The Detroit Tigers Minor League Affiliates have officially begun their spring training. The future stars of tomorrow are perfecting their craft on the backfields of Tiger Town.
Here at MCB we do our best to stay ahead of the curve with our Down on the Farm series. In addition to covering the top prospects,we strive to cover some of the projectable lower level prospects.
Similar to last season, I decided to roll out a list of lower level prospects that could take a step forward this season. This list isn’t about stats, it’s all about projectability. That being said, many of these prospects statistics leave a little to be desired. On the other hand, their skill-sets offer much to be excited about.
So, without further adieu, here’s a look at some of the prospects that either fell outside of our MCB Top 50 Series or failed to play much last season.
Steven Moya: If projection is your thing, then Moya is your guy. A beast of a man, Moya stands 6’6″ and weighs 220 pounds. The twenty-year-old features raw power grades second to none in the Tigers system. Even beyond the raw power, his defensive, base-running and plate discipline all need seasoning. The back of his bubble gum card will also leave stat heads a bit skeptical. The developmental road is likely to be extremely long for Moya. Regardless, there is plenty to get excited about when you look at Moya’s projectable tools. Patience will be paramount. The finished product could be something very impressive. Look for Moya to begin the ’12 campaign in Class-A West Michigan.
Juaner Aguasvivas: Proving that he’s more than just an impressive name, Aguasvivas tormented GCL pitchers last season. The 6’4″ 250 pound first-baseman paced the league with his .567 slugging percentage. His .315 average and .367 on-base percentage proved that he’s already made great strides in his game. He also lead the team in doubles, triple, home runs and RBI. The 22-year-old Dominican still has to sharpen several aspects of his game. Last season was certainly a step in the right direction though. I’m curious to see what the ’12 season has in store for him in full-season ball.
Melvin Mercedes: A year removed from Tommy John surgery, Mercedes spent the bulk of his time in Connecticut last season. Opinions will vary on guys like Mercedes, but I like what I’ve seen. He’s a bulldog on the mound, possessing exactly the mentality that you like to see in a late inning reliever. He has a tendency to become a bit wild and hittable at times. Still, keeping with the theme, the projectability is there. His deceptive delivery yields a low-to-mid 90s fastball that features a great deal of sinking movement. He also mixes in a slider that flashes plus-potential. The 21-year-old Dominican should see Advanced-A Lakeland at some point in ’12.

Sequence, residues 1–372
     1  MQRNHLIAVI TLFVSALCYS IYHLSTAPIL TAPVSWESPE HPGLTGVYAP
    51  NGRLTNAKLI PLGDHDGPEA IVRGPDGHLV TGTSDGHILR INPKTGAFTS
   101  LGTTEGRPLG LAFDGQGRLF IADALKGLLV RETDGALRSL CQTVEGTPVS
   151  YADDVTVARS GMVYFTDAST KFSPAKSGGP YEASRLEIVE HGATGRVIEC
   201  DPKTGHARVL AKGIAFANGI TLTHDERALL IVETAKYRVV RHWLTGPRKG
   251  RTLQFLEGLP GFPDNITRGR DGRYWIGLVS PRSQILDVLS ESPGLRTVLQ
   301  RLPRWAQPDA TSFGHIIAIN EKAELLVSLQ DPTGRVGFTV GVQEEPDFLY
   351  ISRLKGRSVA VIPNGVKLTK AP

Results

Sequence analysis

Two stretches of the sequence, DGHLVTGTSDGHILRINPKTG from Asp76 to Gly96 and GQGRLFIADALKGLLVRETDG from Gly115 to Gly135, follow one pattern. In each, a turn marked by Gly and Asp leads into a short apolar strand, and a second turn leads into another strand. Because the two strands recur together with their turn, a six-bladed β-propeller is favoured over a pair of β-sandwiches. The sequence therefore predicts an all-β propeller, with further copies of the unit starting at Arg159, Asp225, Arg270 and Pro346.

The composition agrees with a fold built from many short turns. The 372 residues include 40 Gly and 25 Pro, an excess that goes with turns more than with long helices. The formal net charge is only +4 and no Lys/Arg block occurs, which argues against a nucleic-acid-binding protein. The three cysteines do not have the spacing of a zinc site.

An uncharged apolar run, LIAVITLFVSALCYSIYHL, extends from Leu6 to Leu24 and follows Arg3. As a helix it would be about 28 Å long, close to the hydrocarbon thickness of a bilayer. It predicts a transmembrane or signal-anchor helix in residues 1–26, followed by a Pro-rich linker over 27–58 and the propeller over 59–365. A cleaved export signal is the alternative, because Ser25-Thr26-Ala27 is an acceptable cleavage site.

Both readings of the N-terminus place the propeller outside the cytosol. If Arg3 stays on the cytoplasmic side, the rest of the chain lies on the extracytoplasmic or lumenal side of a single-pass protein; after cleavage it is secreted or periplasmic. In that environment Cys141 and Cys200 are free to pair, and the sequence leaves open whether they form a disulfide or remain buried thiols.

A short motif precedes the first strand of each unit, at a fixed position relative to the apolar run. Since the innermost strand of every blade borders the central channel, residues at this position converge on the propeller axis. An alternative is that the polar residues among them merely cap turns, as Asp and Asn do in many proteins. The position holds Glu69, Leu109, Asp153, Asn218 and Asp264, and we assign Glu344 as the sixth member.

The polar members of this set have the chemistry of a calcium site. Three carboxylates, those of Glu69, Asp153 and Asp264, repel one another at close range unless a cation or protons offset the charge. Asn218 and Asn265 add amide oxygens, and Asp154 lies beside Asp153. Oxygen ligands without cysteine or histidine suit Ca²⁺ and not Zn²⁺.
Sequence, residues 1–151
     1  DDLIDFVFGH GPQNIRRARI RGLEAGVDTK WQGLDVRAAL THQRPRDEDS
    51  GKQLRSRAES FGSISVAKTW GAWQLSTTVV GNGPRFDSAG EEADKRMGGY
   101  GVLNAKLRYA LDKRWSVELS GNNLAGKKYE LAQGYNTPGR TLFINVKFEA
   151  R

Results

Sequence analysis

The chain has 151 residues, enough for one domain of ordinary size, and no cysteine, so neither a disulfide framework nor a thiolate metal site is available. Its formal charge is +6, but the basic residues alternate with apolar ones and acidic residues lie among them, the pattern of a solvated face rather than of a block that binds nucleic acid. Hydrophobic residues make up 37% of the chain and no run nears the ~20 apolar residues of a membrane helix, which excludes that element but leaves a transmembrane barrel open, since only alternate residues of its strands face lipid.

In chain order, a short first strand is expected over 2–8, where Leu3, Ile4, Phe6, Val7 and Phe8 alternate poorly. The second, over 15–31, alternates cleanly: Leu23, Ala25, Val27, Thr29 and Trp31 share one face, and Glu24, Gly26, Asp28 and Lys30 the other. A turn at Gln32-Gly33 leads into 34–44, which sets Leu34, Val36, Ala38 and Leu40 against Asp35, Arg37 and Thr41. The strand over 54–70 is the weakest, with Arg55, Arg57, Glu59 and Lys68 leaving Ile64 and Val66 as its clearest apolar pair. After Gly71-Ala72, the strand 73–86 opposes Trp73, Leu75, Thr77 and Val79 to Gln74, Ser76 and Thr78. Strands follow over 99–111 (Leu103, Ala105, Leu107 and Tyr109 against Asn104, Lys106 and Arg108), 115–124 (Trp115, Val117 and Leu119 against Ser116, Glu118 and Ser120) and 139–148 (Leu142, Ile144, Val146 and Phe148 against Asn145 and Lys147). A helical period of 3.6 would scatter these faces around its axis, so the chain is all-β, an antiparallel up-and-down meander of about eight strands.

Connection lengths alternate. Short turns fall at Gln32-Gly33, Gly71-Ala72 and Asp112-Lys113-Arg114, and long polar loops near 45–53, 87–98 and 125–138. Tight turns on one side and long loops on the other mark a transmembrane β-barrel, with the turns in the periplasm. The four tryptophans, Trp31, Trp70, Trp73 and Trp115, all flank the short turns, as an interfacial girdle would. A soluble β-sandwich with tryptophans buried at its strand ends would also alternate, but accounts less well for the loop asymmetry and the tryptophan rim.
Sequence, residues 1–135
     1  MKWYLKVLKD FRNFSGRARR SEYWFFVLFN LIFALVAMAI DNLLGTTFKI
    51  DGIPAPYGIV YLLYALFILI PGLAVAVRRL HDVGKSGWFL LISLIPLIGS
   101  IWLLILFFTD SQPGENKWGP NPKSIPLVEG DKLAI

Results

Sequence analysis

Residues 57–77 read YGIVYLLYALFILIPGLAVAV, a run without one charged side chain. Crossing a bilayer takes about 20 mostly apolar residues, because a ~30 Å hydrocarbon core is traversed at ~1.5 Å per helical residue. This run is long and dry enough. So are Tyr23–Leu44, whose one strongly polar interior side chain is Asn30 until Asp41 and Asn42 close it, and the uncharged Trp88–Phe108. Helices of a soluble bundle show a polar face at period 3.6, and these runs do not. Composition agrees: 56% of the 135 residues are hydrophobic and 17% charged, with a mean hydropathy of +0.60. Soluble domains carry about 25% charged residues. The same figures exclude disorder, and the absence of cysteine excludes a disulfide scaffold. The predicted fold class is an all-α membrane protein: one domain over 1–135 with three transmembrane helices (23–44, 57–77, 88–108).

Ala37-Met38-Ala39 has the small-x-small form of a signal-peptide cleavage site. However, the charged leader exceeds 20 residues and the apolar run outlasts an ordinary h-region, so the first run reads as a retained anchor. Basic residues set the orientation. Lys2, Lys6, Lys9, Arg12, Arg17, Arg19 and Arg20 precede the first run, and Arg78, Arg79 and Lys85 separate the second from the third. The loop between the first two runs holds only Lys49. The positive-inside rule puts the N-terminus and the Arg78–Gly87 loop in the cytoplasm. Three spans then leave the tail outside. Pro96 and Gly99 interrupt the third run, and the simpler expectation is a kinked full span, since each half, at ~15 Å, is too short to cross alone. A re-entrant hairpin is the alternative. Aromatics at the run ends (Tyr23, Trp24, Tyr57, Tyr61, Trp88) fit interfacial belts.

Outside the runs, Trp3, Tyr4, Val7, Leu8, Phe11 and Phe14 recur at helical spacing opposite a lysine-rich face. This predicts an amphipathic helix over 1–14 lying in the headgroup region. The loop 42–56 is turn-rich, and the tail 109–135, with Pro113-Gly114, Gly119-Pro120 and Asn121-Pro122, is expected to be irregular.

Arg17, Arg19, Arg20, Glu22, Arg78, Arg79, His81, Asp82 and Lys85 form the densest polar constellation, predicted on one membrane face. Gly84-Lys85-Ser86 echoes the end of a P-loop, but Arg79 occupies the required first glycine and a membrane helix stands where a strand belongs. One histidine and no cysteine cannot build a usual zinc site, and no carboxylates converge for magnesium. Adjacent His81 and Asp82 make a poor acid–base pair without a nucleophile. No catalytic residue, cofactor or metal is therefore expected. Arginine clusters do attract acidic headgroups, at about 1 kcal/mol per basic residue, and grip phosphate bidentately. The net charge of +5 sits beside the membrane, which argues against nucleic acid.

Harold Castro: Perhaps one of the biggest snubs from our ’12 MCB Top 50 Prospects series; Harold Castro. The (then) 17-year-old Venezuelan had a breakout season in the VSL in ’11, posting an impressive .313 average. The slick fielding second baseman features projectable range, arm strength and accuracy needed to be a plus fielder down the road. He already features above-average speed and the ability to hit for average. Castro should come stateside this season for some action in the GCL.
David Paulino: Excited about Brenny Paulino? Join the crowd. Now step outside the box a bit and feast your eyes on his younger brother David. You have to dream a bit more and once again I use that word projectable. Still, the 6’5 180 pound right-hander already has 15 shutout innings under his belt from last seasons DSL. Still filling out, David hovers in the upper 80’s. Ironically, Brenny didn’t breakout his mid-to-upper 90s fastball right away either. David’s frame also suggests added strength down the road, which should add velocity. The younger Paulino is probably more of a deep sleeper. Nonetheless, he’s on my radar!
Tyler Gibson: If you believe in projection as much as I do, Gibson is also your guy. The 18-year-old was plucked in the 15th round by the Tigers in last years draft. He features plus-plus speed that he uses well on the base-paths. His raw power and bat speed are already plus tools too. Although Gibson was a shortstop in High School, scouts like his arm for center field. He has the ceiling of a prospect that could hit for average and power. Similar to Daniel Fields, folks will have to be patient with his development.